- A detailed description of a research project outside the scope of the two elective courses and under the guidance of department faculty;
- A detailed description of substantial contributions to provide supplemental instruction teaching for a core course taught by department faculty.
Examples of letters of support that would *not* be deemed approvable include descriptions of:
- A research project done within the scope of the two electives (including independent study);
- Teaching contributions in the role of a peer tutor.
For additional information email Faculty Coordinator Dr. Srinidi Mohan at firstname.lastname@example.org.
Students enrolled in the Veterinary Pharmacy Specialty Focus Area will learn about:
- The anatomic and physiologic features of non-human patients that impact medication therapy (and differences between non-human and human patients)
- The basic pharmacology of medications for dogs, cats, horses, rodents, and exotic animals
- Common veterinary disease states and relevant pharmacologic treatment strategies, including veterinary and human approved products and appropriate options for compounded medications
- Basic and clinical aspects of the most common medication toxicities that affect animals
- Safety aspects of handling veterinary medications
- Common drug information resources utilized by veterinary pharmacists
- Veterinary medical terminology and abbreviations
- Regulatory and ethical issues impacting the practice of veterinary pharmacy
- Interpretation of veterinary prescriptions
- How to provide medication counseling (regarding appropriate medication administration and potential adverse events) in support of non-human patients
- Sterile and non-sterile compounding (procedures, regulations, etc.)
- Medication distribution systems (technologies, etc.)
In a partnership with several Northern New England institutions, the UNE School of Pharmacy offers a teaching certificate program designed to immerse pharmacy residents in academic pharmacy. The post-graduate residents in the program are graduates of colleges of pharmacy from around the nation.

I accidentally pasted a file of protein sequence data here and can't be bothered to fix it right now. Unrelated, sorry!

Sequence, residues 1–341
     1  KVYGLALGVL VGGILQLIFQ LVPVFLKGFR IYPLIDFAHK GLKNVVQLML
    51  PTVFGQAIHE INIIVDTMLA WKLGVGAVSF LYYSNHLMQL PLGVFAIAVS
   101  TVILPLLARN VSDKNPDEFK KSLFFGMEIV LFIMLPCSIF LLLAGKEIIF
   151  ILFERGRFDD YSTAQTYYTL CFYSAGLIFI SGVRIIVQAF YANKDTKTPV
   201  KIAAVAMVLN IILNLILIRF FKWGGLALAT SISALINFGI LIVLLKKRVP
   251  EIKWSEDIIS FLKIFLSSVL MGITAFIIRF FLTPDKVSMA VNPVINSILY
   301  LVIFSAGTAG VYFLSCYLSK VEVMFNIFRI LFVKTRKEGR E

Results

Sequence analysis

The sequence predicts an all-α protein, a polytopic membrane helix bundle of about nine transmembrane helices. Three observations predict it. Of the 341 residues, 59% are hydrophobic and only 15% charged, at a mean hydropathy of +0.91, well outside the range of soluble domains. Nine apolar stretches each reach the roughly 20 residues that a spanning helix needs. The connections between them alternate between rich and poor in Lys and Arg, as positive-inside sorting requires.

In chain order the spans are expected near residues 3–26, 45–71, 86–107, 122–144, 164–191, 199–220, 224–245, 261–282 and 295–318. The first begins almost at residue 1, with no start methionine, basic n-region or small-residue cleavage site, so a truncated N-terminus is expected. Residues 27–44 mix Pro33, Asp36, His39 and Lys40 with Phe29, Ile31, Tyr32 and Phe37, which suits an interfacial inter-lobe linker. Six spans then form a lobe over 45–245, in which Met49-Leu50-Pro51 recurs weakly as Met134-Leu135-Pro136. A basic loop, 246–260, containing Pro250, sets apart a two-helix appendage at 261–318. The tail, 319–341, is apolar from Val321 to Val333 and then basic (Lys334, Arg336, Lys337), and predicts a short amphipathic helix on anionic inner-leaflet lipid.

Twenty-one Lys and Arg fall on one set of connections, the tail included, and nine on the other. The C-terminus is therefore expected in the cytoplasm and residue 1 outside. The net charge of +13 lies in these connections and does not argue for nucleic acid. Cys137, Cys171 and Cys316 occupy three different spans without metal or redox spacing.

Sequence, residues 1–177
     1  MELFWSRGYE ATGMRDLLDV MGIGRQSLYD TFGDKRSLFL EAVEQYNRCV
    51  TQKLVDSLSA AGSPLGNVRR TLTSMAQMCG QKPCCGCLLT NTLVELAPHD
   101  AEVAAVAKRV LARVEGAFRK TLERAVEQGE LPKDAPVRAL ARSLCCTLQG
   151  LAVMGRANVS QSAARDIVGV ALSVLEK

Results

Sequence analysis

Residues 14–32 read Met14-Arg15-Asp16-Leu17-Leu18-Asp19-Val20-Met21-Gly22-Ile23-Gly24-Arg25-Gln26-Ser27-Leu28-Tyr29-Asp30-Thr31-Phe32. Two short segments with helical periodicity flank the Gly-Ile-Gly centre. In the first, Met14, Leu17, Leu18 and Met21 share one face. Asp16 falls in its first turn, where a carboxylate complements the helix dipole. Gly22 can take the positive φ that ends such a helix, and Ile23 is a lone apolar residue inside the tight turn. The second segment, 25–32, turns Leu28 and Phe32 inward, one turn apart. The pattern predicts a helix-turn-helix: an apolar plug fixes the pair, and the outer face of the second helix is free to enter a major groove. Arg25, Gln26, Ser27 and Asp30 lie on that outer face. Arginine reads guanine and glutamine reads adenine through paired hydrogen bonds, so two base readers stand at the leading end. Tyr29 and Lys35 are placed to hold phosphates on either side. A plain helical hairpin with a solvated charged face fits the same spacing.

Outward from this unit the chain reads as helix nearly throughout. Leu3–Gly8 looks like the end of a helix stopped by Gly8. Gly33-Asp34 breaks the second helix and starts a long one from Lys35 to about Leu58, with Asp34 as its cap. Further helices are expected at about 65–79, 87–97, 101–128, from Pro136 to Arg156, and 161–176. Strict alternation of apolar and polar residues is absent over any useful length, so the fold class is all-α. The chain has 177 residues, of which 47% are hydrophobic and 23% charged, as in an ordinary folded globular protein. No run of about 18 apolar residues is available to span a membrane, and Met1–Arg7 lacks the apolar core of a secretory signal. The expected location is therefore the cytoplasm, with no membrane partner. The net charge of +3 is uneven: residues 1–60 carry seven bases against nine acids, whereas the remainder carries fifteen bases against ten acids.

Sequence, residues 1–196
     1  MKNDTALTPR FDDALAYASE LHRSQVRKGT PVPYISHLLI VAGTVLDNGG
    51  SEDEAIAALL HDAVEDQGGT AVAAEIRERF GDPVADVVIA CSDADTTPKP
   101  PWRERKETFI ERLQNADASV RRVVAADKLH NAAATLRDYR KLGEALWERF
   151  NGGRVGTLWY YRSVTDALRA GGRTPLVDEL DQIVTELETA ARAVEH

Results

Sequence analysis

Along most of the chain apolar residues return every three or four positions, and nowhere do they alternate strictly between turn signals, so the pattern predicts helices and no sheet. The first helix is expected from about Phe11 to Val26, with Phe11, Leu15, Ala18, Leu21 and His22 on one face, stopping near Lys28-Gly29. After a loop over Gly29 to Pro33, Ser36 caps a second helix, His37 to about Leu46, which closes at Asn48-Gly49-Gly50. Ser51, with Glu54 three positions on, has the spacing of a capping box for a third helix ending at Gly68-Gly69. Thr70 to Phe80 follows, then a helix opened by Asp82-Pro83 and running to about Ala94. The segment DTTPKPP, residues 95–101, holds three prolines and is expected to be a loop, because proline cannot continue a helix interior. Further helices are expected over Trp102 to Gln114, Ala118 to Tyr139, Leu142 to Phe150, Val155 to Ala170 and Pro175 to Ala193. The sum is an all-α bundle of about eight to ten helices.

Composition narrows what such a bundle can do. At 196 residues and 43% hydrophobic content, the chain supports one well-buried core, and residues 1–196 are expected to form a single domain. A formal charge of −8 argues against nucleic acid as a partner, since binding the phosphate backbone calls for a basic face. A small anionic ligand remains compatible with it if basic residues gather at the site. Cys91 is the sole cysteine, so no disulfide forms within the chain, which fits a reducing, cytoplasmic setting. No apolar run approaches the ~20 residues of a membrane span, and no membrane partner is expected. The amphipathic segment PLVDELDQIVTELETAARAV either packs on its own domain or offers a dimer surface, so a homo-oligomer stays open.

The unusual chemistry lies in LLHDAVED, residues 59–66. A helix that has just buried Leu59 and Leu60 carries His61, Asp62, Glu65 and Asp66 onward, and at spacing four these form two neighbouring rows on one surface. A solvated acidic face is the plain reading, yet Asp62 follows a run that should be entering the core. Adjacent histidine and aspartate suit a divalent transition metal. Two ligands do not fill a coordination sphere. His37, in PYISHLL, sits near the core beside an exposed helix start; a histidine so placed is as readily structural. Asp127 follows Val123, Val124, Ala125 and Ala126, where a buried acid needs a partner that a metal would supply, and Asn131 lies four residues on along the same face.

The program exposes residents to didactic teaching experiences, experiential teaching, and self-paced online learning. Residents are required to teach topics in courses within the UNE School of Pharmacy as part of their work. Upon completion, these residents receive dual recognition from the UNE School of Pharmacy and their primary institution.
School of Pharmacy faculty participate in varied research and scholarship efforts, including laboratory-based studies, clinical research, and the scholarship of teaching. Students are afforded numerous opportunities to engage in this work, often with the opportunity to attain academic credit. Faculty and students in the School of Pharmacy have worked together to produce cutting-edge research in a variety of disciplines, and these efforts have led to numerous presentations and publications. Plus, through our active professional student organizations, you can engage in community service and broaden your network.
See faculty research interests and student research opportunities in the Department of Pharmaceutical Sciences and Administration and Pharmacy Practice.
Cross Cultural Health Immersion
As a student in UNE’s Doctor of Pharmacy program, you have the opportunity to participate in the cross cultural health immersion program to Ghana, Africa. Students from all health professions programs are invited to participate, and will, in conjunction with participating faculty, develop, implement, and evaluate health education curricula relevant to the population need.
When students from different health professions disciplines learn with, from, and about each other to better understand different professional roles and expertise, great things can happen. In UNE’s Pharm.D. program, you will be studying alongside students from other programs, including the Doctor of Osteopathic Medicine and Doctor of Dental Medicine program, gaining the skills to collaborate and lead in today’s team-based care. UNE is proud to be the only institution in New England that is part of the National Center for Interprofessional Education and Practice’s prestigious Innovation Network.
You also have the opportunity to apply this collaborative participation toward your Interprofessional Honors Distinction.
The thought of being a pharmacist can be intimidating, but everyone here works together — it’s not every man or woman for themselves, it’s we’re in this together.” — Alexis Radziewicz ’26
Start Your 21st Century Pharmacy Career
A Doctor of Pharmacy degree from UNE prepares you for more than 100 pharmacy occupations, as well as career growth. UNE graduates are employed at community pharmacies, health care systems, long-term care facilities, and within the pharmaceutical industry. Many of our students have gone on to complete post-graduate residency and fellowship programs. The School of Pharmacy works with you to ensure career success and it shows — 100% of the class of 2016 was employed within 6 months of graduation. (January '17 survey)